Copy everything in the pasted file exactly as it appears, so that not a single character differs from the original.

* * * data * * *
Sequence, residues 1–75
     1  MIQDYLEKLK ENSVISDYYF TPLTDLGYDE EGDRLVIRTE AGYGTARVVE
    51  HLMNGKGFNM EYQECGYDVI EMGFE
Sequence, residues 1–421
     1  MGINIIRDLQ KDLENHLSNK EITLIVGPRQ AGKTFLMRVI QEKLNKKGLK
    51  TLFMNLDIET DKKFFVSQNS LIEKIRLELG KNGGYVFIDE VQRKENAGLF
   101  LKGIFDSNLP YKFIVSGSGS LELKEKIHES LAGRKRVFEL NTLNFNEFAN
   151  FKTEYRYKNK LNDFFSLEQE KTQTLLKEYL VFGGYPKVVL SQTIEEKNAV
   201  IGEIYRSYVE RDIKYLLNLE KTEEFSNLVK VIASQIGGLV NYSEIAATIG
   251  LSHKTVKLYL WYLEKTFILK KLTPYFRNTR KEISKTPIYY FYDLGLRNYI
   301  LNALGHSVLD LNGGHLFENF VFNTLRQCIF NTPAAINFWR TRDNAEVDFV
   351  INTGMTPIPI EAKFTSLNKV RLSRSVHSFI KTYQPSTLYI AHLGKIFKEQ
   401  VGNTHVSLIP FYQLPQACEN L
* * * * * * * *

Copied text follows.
Sequence, residues 1–75
     1  MIQDYLEKLK ENSVISDYYF TPLTDLGYDE EGDRLVIRTE AGYGTARVVE
    51  HLMNGKGFNM EYQECGYDVI EMGFE
Sequence, residues 1–421
     1  MGINIIRDLQ KDLENHLSNK EITLIVGPRQ AGKTFLMRVI QEKLNKKGLK
    51  TLFMNLDIET DKKFFVSQNS LIEKIRLELG KNGGYVFIDE VQRKENAGLF
   101  LKGIFDSNLP YKFIVSGSGS LELKEKIHES LAGRKRVFEL NTLNFNEFAN
   151  FKTEYRYKNK LNDFFSLEQE KTQTLLKEYL VFGGYPKVVL SQTIEEKNAV
   201  IGEIYRSYVE RDIKYLLNLE KTEEFSNLVK VIASQIGGLV NYSEIAATIG
   251  LSHKTVKLYL WYLEKTFILK KLTPYFRNTR KEISKTPIYY FYDLGLRNYI
   301  LNALGHSVLD LNGGHLFENF VFNTLRQCIF NTPAAINFWR TRDNAEVDFV
   351  INTGMTPIPI EAKFTSLNKV RLSRSVHSFI KTYQPSTLYI AHLGKIFKEQ
   401  VGNTHVSLIP FYQLPQACEN L